ECON 4011 - Microeconomic Theory IV (H)

North Terrace Campus - Semester 1 - 2024

This course introduces key advanced methods and theories of contemporary microeconomics. Topics may include the economic behaviour of individual units, in particular consumers and firms; expected utility and uncertainty; welfare economics; information economics; and auction theory.

  • General Course Information
    Course Details
    Course Code ECON 4011
    Course Microeconomic Theory IV (H)
    Coordinating Unit Economics
    Term Semester 1
    Level Undergraduate
    Location/s North Terrace Campus
    Units 3
    Contact Up to 4 hours per week
    Available for Study Abroad and Exchange N
    Incompatible ECON 7121
    Restrictions Available only to students enrolled in the Bachelor of Economics (Honours) program
    Assessment Typically mid-Semester test and final exam
    Course Staff

    Course Coordinator: Dr Yaping Shan

    Course Timetable

    The full timetable of all activities for this course can be accessed from Course Planner.

  • Learning Outcomes
    Course Learning Outcomes

    The purpose of this course is to provide students with a thorough introduction to central themes and results in advanced microeconomic theory. The chosen topics are also important for understanding many applied fields, such as labour economics, industrial organisation, international trade and public economics.

    On successful completion of this course students will be able to:

    1 possess a solid grasp of the mathematics of constrained optimisation (especially Lagrange's method) and know how to apply it to solve microeconomic problems
    2 derive the central results about decision-making by consumers and firms from first principles
    3 develop a thorough understanding of the expected utility model, and become familiar with its uses in economic analysis
    4 become familiar with the fundamentals of welfare analysis
    5 acquire a basic toolkit from game theory; develop skills in the translation of economic problems into game-theoretic notation; be able to select an appropriate solution concept; and be able to compute equilibrium strategies
    University Graduate Attributes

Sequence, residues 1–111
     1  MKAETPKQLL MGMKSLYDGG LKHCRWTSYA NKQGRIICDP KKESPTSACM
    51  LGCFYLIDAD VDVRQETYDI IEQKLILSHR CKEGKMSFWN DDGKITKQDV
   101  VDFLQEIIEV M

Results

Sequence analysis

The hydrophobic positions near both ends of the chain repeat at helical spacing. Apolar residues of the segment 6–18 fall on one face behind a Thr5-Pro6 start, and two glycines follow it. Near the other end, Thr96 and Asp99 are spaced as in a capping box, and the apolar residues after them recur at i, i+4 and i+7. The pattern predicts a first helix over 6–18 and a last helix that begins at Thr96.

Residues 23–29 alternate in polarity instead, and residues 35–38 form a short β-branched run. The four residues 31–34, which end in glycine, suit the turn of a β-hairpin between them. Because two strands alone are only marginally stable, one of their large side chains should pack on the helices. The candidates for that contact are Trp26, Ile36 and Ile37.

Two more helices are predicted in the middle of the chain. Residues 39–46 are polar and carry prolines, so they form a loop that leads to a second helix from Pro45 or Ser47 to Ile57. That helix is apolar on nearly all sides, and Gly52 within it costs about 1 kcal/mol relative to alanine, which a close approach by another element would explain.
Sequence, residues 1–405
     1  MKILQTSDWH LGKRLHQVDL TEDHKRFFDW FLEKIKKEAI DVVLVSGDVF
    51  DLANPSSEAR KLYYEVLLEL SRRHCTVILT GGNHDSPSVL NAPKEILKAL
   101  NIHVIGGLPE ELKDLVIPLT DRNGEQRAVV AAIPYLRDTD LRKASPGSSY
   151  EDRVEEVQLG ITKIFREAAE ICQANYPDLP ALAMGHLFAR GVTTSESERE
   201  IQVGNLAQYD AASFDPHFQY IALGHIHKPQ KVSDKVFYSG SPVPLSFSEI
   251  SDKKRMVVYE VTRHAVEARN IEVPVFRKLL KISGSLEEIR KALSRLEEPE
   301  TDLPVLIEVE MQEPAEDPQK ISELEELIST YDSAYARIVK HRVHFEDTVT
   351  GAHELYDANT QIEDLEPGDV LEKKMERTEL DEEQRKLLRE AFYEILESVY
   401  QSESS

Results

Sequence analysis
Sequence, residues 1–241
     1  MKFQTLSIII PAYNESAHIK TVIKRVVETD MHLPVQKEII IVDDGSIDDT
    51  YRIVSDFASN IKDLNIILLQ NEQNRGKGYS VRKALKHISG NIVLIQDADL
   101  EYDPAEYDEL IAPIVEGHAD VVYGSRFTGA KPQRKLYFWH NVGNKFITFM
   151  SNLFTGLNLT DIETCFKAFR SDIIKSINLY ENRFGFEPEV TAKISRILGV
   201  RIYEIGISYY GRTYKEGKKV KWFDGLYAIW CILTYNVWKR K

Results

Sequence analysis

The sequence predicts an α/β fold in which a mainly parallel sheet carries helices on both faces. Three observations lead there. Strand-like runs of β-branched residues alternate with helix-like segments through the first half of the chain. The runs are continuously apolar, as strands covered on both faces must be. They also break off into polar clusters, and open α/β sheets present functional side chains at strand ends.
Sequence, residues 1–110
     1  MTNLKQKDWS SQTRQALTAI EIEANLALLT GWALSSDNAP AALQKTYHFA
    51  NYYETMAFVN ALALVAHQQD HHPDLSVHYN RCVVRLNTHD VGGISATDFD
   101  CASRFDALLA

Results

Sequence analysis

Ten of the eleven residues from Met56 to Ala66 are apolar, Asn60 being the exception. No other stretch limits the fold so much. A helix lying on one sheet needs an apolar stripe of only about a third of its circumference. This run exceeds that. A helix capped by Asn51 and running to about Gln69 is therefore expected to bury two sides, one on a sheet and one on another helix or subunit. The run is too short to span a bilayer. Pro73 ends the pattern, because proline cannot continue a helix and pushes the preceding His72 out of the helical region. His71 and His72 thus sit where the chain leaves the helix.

This course will provide students with an opportunity to develop the Graduate Attribute(s) specified below:

    University Graduate Attribute Course Learning Outcome(s)

    Attribute 1: Deep discipline knowledge and intellectual breadth

    Graduates have comprehensive knowledge and understanding of their subject area, the ability to engage with different traditions of thought, and the ability to apply their knowledge in practice including in multi-disciplinary or multi-professional contexts.


    Attribute 2: Creative and critical thinking, and problem solving

    Graduates are effective problems-solvers, able to apply critical, creative and evidence-based thinking to conceive innovative responses to future challenges.


    Attribute 3: Teamwork and communication skills

    Graduates convey ideas and information effectively to a range of audiences for a variety of purposes and contribute in a positive and collaborative manner to achieving common goals.


    Attribute 4: Professionalism and leadership readiness

    Graduates engage in professional behaviour and have the potential to be entrepreneurial and take leadership roles in their chosen occupations or careers and communities.


    Attribute 5: Intercultural and ethical competency

    Graduates are responsible and effective global citizens whose personal values and practices are consistent with their roles as responsible members of society.


    Attribute 8: Self-awareness and emotional intelligence

    Graduates are self-aware and reflective; they are flexible and resilient and have the capacity to accept and give constructive feedback; they act with integrity and take responsibility for their actions.

  • Learning Resources
    Required Resources
    There is no required textbook. The material covered in the lectures comes from several sources.
    Recommended Resources
    Some useful references are:

    Microeconomic Analysis by H. Varian, 3rd Edition, 1992.

    Microeconomics by H. Gravelle and R. Rees, 3rd Edition, 2004.

    Microeconomic Theory by A. Mas-Colell, M. Whinston and J. Green, 1995. 

    An Introduction to the Economics of Information by I. Macho-Stadler and J.D. Perez-Castrillo, 2nd Edition, 2005.

    Game Theory by H. Peters, 2008. (Electronic version available free of charge from the library.)
    Online Learning
    The course uses MyUni and it is a student’s responsibility to check the website regularly.

    Course material such as lecture notes and assignments will be posted on MyUni.
  • Learning & Teaching Activities
    Learning & Teaching Modes
    earning in this course is through lectures, tutorials, and personal study.

    The lectures will provide you with the necessary understanding of the material to be able to solve the exercises you will be given during tutorial, assignments or exams.

    The tutorials (in-class problem-solving sessions) will be organised as follows:

    - Your lecturer will present the solutions for one of the exercises you were asked to prepare to illustrate what is expected from you in solving these kinds of problems.

    - Students will then be asked to come to the board and present their work and answers to some of the tutorial exercises. Your lecturer will provide assistance if needed and questions from other students are strongly encouraged.

    Diverse learning styles will be supported by the provision of course materials in a variety of formats.

    The practical learning approach will be incorporated through the tutorials as described above. The online discussion board will also provide a dynamic forum for students to share and develop their ideas.

    The information below is provided as a guide to assist students in engaging appropriately with the course requirements.

    The information below is provided as a guide to assist students in engaging appropriately with the course requirements.